Wildlife and Environmental
Area.
This volunteer effort is, Satur-'
day, June 11 from 7 a.m. until
noon.
John C. and Mariana
Jones/Hungry land Wildlife and


Environmental Area is just inside
the main gate in Martin County
off of County Road 711, 1.5 miles
north of Indiantown Road (west
of Jupiter Farms). Lunch to be
provided.
Volunteers should wear long


pants, long sleeves and close
toed shoes, bring sunscreen, a
hat, and water, and prepare to
get dirty. To volunteer for this
planting, contact Beth Morford
at (561) 625-5122, ext. 142.


i Glades Ford Lincoln.Me ury
WE kE.E'E .NIL'" RK CEi'.rEEC A LAPFi- hiliPMEriTf )
Nt.,' ,L-N 1 PREOWF IEU VEHICLES, A'ID JIltSI ON'I
HA' i'ME i -T O :uOLUIT ALL ,:'F THE,'.,
-. WEV AFE FA:iSINC IHE SAI'.'iGS 'J Tu OU.


I Driv A .,lit' AL


800-726-8514


lirm WDeVaughn@('gladesmotors.com
-.50


I L P. rC- t hI

Attend Church this


Sunday .

10:00 AM


Nursery provided
370 Holiday Isle Blvd
www.newharvest.net Psfoirs Chuck


-. -------... '-- ,'l.. : .


Luan
Walker


M 863-677-1010

Vinia Ave. 3bd/lba, 1 car caport
going @ $79K
,W 13 Brand New Homes to be
built on Texas Ave. 3bd/2ba, CBS,
1,673 sq. ft., Special Financing pkges
available $129.9K These will go
fast!!Lt
Mississippi Ave. 4bd/2ba home w/
Icar carport going @ $79K
Virginia Ave. 3bd/lba home going
1 car carport@ $79K
Harlem Academy Ave. 3bd/lba,
@$79K
For Rent on 5 acres 3bd/2ba @
$850/month Available June 1st
For Rent in Pioneer 4bd/2ba house,
on 2.5 acres, fenced & furnished
$1400.00 per month.
For Rent! 2 Units Brand New
Construction!2bd/2Ba @ $1280 mn
each Brand New Construction!
10 acres in Pioneer 4bd/2ba w/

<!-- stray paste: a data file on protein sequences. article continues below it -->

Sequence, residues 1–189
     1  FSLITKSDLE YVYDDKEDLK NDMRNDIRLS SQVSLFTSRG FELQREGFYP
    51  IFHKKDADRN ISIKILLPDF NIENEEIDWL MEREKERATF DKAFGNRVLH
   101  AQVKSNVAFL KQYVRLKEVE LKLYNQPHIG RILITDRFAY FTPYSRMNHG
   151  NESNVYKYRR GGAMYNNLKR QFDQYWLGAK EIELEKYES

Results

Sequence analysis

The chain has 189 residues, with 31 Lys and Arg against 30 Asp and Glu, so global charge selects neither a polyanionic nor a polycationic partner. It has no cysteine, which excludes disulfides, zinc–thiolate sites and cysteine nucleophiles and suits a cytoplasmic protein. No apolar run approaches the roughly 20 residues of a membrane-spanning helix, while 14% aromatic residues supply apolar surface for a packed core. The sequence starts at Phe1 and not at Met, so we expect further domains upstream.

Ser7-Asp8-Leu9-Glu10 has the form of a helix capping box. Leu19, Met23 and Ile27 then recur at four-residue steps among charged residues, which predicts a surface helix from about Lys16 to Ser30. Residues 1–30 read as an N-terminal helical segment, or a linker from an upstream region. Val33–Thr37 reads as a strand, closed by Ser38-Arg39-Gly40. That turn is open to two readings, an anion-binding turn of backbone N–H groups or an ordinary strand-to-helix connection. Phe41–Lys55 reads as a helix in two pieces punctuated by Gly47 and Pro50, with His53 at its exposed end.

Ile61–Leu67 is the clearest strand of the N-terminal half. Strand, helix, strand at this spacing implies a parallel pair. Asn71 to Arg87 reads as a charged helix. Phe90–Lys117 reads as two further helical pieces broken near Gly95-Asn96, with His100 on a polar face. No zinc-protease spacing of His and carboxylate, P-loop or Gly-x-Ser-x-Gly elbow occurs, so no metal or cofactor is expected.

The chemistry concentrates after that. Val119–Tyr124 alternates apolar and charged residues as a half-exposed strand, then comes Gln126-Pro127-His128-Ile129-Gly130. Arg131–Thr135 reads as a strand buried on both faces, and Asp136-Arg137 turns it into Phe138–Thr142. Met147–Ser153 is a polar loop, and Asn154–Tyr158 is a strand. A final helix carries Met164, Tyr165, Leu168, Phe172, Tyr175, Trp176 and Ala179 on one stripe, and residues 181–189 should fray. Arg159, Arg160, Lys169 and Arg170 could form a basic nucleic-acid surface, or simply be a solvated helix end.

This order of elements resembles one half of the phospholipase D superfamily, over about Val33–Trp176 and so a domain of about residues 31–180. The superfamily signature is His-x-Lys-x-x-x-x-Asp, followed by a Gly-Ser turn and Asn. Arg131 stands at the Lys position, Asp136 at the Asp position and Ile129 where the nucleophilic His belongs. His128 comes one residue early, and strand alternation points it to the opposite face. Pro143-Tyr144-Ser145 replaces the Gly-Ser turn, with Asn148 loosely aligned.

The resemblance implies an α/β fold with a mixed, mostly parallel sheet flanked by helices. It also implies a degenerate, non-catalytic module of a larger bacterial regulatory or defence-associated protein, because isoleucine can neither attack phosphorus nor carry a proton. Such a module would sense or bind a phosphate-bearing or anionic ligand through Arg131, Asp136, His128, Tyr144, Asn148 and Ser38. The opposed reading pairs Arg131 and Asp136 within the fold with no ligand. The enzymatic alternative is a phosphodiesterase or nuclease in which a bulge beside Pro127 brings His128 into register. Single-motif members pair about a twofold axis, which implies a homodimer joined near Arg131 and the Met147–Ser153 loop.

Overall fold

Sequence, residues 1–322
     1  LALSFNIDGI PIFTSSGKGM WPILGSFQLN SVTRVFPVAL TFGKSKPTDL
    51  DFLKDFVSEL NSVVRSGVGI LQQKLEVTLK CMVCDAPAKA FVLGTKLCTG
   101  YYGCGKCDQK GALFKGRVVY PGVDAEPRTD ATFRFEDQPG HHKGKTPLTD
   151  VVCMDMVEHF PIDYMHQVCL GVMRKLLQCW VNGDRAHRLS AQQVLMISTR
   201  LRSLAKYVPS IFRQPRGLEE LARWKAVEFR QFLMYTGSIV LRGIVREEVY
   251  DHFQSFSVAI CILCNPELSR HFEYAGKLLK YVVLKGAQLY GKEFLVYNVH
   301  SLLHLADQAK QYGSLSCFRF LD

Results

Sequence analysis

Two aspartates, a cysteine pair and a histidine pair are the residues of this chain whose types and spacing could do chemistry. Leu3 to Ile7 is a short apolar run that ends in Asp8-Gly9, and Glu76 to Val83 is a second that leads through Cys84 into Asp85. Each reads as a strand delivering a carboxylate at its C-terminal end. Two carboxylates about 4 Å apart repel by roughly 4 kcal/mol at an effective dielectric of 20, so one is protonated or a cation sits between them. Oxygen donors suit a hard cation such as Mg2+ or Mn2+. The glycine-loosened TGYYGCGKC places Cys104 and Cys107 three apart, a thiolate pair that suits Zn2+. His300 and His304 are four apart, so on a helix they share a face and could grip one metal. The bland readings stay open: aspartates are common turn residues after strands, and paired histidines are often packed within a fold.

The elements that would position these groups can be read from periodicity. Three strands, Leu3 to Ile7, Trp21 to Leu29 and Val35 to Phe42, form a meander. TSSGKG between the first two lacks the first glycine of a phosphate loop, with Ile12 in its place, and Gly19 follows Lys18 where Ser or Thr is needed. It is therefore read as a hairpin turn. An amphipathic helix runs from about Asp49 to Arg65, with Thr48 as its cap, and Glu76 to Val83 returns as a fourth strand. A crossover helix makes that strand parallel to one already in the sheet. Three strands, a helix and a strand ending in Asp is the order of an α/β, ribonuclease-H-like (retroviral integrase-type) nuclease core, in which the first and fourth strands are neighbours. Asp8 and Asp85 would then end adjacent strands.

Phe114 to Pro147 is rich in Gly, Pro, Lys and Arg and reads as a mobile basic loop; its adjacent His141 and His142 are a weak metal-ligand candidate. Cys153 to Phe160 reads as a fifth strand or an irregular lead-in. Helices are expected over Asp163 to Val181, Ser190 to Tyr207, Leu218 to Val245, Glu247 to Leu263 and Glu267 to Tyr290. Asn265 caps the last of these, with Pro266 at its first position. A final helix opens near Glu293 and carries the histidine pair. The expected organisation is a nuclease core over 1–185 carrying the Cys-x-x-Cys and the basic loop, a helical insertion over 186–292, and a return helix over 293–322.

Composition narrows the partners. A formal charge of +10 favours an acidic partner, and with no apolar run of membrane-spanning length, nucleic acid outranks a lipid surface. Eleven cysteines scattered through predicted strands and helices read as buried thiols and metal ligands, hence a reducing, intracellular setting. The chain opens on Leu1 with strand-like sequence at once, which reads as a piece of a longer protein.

pond, jacuzzi, partially fenced Call
for more Information.
Bring Your Bathing Suit! 3/2/2
Brick Home w/ Pool. Del Monte Ave.
$260K
New Roof! 3/2/2 CBS New Roof,
Pristine Condition, remodeled
Kitchen $230K


Glenn
Smith

863-983-3508


RoomMust see to appedate! $2249K
Mew Listing!!! 4 bedroom/3bath


Montura Ranch/Pioneer Plantation
Call for list of available properties.
New listing!! 3/2/2 CBS home on
almost % acre. Great location-across
from Woodworks Park, Public library,
City Pool All appliances included. Rare
opportunity at a great home. $219,900.
See pictures and more at
www.realtor.com. MS #205058832
New listing 3 Bedroom/31/2 bath
mobile home. Double Lot. Fenced. 20 x
40 and 12 x 20 workshops. Rear deck
overlooks a man made lake. Listed at
$75,000
Pictures available at www.realtor.com
MLS#205059162
I can market your home on
sugarralty.com. Which receives
over 4000 visitors per month. I can
market your homeon realtor.com.
Which receives over 6 million visi-
tors p6r month. Anyone can list
your home. Call Me to market it.


Teri
Rangel


863-228-1142


Fun, Food, & a Good Tine!!
Restaurant, Bar & FFE. Great
Location on HWY 27 $209.9K
New Ism 2-JW2 MH on
2.28 ARE I hores we
got te Ian 15d 1C
New s 3/2 MH1995 Great
Comer olot fpom local
schools. Vey to move
in. $84.9K







New Listing! The most
beautiful street in
Clewiston with a new home
on a corner lot. Over 2. Acres. Get600


sq.f t. 3bd/2ba CBS. Call Too
Inquire!
"My Priorities are Simple,
They Are Yours!"
CALL ME TO LIST
WITH THE BEST!


Marshall
Bemer


863-228-3265


Montu= I
Nu listing! 3/2 Single wide on 1.25
Acres. @ $84,900.00


3/2 DBLWIDE, 8x10 Shed, fenced.
Only $95,000.00


3/2 DBLWIDE on 25 Acres, Fenced
and cross Fenced. @ $99,00.00


Pioneer Plantation
Corner Lot. 2.5 Aes @ $7990010
5 Heavily Wooded Acres. @ $125K


Montura Ranch Estates 1998
3bd/2ba, great doset space, onbeauti-
ful l.25acsbycanal@ $76.5K
2bd/lba MH in Pioneer Plantation.
@$99,900.00
New Listing! 2bd/2ba, hardwood
floors, new electrical system.
Call with Best Offer
Nlo f, on
iL2nLMXNlHfGi


- UDIjMW I!M Il& lI "AT
DEAL, ) IbK
Want to ATe7N Pioneer
Plantation, 4ol A orod,'d @
$35K
Pio$ A W "es,
Montura Ranch Estates 1.25 acres
@ $35K

Gr t

Pioneer Plantation! 3bd/2ba MH
on 2.5 Ac. Cleared and Fenced.
Only $99,900.00
Call For Vacant Land


Maribel
Gonzalez

561-722-7347

Country living! Beautiful 4bd/3ba